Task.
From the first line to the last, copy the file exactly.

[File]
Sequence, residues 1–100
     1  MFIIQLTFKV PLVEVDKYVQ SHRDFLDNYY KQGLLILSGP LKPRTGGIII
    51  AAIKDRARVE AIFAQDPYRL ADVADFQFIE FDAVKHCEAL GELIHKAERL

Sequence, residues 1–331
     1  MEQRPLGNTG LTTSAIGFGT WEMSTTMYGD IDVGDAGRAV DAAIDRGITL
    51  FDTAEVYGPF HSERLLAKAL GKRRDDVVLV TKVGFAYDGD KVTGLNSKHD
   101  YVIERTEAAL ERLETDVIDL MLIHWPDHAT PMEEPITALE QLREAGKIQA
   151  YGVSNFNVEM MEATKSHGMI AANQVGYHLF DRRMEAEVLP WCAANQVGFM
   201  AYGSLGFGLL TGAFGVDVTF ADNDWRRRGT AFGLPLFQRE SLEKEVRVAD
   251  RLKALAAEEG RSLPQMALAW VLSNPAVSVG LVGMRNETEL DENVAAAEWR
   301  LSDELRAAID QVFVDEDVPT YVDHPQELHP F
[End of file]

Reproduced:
Sequence, residues 1–100
     1  MFIIQLTFKV PLVEVDKYVQ SHRDFLDNYY KQGLLILSGP LKPRTGGIII
    51  AAIKDRARVE AIFAQDPYRL ADVADFQFIE FDAVKHCEAL GELIHKAERL

Sequence, residues 1–331
     1  MEQRPLGNTG LTTSAIGFGT WEMSTTMYGD IDVGDAGRAV DAAIDRGITL
    51  FDTAEVYGPF HSERLLAKAL GKRRDDVVLV TKVGFAYDGD KVTGLNSKHD
   101  YVIERTEAAL ERLETDVIDL MLIHWPDHAT PMEEPITALE QLREAGKIQA
   151  YGVSNFNVEM MEATKSHGMI AANQVGYHLF DRRMEAEVLP WCAANQVGFM
   201  AYGSLGFGLL TGAFGVDVTF ADNDWRRRGT AFGLPLFQRE SLEKEVRVAD
   251  RLKALAAEEG RSLPQMALAW VLSNPAVSVG LVGMRNETEL DENVAAAEWR
   301  LSDELRAAID QVFVDEDVPT YVDHPQELHP F